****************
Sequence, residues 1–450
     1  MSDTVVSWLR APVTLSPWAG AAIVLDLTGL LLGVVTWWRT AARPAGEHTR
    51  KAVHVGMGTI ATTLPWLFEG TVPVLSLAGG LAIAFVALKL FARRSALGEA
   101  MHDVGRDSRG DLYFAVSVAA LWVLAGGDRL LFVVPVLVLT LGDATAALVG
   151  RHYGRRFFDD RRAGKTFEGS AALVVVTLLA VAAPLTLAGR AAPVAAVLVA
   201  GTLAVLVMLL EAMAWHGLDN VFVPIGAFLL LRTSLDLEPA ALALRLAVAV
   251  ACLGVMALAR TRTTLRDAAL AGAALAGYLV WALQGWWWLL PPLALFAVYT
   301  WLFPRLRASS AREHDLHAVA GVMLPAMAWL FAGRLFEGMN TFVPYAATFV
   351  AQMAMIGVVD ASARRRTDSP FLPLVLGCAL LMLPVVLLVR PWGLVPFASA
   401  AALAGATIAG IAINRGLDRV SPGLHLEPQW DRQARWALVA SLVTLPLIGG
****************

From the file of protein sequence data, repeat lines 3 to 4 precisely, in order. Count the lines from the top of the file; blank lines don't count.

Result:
    51  KAVHVGMGTI ATTLPWLFEG TVPVLSLAGG LAIAFVALKL FARRSALGEA
   101  MHDVGRDSRG DLYFAVSVAA LWVLAGGDRL LFVVPVLVLT LGDATAALVG